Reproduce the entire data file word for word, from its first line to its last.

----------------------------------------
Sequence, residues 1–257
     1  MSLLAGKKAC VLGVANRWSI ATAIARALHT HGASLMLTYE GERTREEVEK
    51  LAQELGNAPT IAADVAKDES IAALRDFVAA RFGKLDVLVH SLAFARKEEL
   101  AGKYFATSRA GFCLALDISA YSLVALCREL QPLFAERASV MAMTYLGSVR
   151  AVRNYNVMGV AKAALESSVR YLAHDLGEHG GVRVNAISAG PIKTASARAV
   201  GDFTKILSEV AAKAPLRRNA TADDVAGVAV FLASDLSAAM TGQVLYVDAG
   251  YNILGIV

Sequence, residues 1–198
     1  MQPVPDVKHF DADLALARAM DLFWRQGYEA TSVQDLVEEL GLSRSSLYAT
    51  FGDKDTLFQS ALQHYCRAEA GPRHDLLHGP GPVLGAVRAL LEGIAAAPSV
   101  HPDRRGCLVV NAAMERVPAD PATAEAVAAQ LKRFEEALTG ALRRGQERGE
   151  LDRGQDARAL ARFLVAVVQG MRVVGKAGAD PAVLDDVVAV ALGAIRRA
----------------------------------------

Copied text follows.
Sequence, residues 1–257
     1  MSLLAGKKAC VLGVANRWSI ATAIARALHT HGASLMLTYE GERTREEVEK
    51  LAQELGNAPT IAADVAKDES IAALRDFVAA RFGKLDVLVH SLAFARKEEL
   101  AGKYFATSRA GFCLALDISA YSLVALCREL QPLFAERASV MAMTYLGSVR
   151  AVRNYNVMGV AKAALESSVR YLAHDLGEHG GVRVNAISAG PIKTASARAV
   201  GDFTKILSEV AAKAPLRRNA TADDVAGVAV FLASDLSAAM TGQVLYVDAG
   251  YNILGIV

Sequence, residues 1–198
     1  MQPVPDVKHF DADLALARAM DLFWRQGYEA TSVQDLVEEL GLSRSSLYAT
    51  FGDKDTLFQS ALQHYCRAEA GPRHDLLHGP GPVLGAVRAL LEGIAAAPSV
   101  HPDRRGCLVV NAAMERVPAD PATAEAVAAQ LKRFEEALTG ALRRGQERGE
   151  LDRGQDARAL ARFLVAVVQG MRVVGKAGAD PAVLDDVVAV ALGAIRRA